After giving up her title and a $1.3 million donation

Japanese Princess Mako works as a volunteer in an American museum

Mako chose to live the life of a commoner.


Japanese Princess Mako gave up her titles and $1.3 million in annual cash to marry a commoner, and now works as an unpaid volunteer at the Metropolitan Museum of Art in New York.

Mako Komuro, 30, works at the Asian Art Museum and is responsible for curating an exhibition of paintings inspired by the life of a 13th-century monk who introduced Buddhism to Japan.

The museum is located on the Upper East Side, a 10-minute drive from the luxurious one-bedroom apartment she shares with her husband, ambitious lawyer Kei Komuro, 30.

The two were engaged for eight years, before they tied the knot last October, in a simple civil ceremony in Tokyo.

Since only male members of the Japanese imperial family are allowed to marry non-royal family members, Mako's decision to marry for love means that she is no longer considered a princess, and none of her future children will be in the line of succession to the emperor.

Mako and Kei met in 2013, when they were both studying at the International Christian University outside Tokyo, where she studied art and cultural heritage.

She continued to work as a researcher, especially at the University of Tokyo Museum.

She also studied art history at the University of Edinburgh in Scotland, and obtained a master's degree in Museum and Art Gallery Studies from the University of Leicester in England in 2016. Mako is the daughter of Crown Prince Fumihito, and niece of Japanese Emperor Naruhito.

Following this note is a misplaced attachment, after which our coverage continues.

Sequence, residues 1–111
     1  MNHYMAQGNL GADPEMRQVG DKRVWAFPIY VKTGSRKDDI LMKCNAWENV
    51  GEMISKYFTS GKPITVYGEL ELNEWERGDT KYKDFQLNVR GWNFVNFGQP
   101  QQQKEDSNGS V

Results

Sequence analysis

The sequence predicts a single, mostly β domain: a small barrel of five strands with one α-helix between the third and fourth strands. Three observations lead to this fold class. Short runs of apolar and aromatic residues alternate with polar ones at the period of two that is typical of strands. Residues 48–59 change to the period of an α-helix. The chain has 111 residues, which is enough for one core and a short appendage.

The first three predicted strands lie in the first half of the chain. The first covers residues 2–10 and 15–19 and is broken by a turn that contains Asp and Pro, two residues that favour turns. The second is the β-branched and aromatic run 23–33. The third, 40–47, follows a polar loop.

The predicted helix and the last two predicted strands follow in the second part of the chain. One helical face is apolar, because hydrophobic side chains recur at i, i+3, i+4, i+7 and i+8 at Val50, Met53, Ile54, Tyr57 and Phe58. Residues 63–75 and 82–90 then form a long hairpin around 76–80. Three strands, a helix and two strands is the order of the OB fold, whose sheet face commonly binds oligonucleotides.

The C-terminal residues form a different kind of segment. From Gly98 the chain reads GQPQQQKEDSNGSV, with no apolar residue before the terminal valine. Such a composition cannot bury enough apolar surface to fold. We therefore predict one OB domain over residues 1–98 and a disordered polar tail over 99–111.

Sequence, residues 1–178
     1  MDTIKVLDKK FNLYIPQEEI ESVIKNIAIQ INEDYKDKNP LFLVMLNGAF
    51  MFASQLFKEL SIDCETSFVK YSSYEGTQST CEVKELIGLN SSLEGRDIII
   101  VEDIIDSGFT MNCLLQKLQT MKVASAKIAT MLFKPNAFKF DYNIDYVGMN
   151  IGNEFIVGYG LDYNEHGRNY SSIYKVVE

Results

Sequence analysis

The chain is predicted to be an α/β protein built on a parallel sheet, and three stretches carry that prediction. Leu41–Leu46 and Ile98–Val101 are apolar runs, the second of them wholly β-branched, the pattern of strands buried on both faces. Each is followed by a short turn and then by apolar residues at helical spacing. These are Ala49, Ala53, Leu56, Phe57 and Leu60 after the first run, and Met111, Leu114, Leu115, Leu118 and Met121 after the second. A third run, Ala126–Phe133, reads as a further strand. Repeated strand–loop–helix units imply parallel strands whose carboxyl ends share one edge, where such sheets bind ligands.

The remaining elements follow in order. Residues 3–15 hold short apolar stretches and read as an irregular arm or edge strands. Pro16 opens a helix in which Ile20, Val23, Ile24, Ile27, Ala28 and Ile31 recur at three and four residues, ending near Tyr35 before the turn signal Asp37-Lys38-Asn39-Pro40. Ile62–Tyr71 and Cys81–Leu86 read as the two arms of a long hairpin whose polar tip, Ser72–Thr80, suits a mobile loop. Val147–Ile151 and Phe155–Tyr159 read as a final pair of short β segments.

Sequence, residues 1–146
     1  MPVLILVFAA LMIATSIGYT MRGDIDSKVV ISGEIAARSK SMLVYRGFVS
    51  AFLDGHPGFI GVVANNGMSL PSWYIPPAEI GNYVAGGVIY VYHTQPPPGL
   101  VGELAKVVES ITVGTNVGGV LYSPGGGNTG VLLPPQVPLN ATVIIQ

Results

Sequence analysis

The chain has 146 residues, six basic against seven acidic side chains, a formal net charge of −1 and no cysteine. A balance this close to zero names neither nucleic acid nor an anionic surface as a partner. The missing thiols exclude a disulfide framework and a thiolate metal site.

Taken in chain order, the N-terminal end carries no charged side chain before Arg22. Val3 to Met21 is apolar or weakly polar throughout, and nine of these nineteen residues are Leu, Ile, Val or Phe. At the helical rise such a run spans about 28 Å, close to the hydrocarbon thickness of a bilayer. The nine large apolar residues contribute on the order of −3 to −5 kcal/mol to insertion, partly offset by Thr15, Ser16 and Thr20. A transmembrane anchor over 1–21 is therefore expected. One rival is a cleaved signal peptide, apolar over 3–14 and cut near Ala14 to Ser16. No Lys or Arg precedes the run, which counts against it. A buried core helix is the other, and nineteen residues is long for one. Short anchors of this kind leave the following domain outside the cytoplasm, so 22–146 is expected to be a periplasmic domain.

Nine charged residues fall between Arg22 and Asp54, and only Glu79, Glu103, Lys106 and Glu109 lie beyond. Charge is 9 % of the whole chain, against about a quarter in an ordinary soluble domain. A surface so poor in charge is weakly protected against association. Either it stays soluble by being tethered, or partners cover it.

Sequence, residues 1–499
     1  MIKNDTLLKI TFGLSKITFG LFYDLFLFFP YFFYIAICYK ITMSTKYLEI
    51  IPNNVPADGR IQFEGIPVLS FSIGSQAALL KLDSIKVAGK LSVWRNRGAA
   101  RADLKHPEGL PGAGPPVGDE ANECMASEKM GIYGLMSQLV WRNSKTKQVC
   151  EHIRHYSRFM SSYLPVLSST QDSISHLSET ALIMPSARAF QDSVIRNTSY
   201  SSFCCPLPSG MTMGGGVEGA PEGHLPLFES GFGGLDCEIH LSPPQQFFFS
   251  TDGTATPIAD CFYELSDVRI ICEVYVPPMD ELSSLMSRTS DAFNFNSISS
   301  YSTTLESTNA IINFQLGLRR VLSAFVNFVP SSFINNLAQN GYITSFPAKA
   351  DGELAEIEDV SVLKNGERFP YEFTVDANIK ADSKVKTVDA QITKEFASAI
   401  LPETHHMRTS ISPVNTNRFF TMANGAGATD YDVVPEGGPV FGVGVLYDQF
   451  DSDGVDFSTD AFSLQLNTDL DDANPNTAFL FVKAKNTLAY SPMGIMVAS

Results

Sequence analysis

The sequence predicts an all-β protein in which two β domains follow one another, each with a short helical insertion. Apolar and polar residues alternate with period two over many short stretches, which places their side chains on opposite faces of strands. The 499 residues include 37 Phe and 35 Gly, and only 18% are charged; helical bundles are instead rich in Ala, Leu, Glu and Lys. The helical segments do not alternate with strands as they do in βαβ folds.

Mako and Kei had an informal engagement in 2017, and they planned to get married in November 2018. At first, the Japanese happily received this news, but later a scandal broke out involving Kayo, Kei's widowed mother, who did not return the $35,000 of the former fiancée's money. for her son, which she paid to pay her son's tuition fees.

This prompted critics to say that Key wanted to marry the princess only for money or fame.

Key released a 24-page explanation about the money, claiming it was a gift and not a loan.

In the end, he said he would pay it back, although it is not known whether the money was returned.

Despite this, Kei and Mako's engagement continued.

In 2020, she begged the Japanese public to support her decision to marry a commoner.

Key is trying to pass the New York State Bar exam, to become a lawyer after failing last summer.

He first sat for the exam last July, three months before his marriage to Mako, but he was unsuccessful after the results came out in November.

And he underwent the test again in February, but the results have not been announced yet.

Key's last attempt at the bar exam came less than a year after he first took the exam last July, when he had the option of taking the exam remotely.

Follow our latest local and sports news and the latest political and economic developments via Google news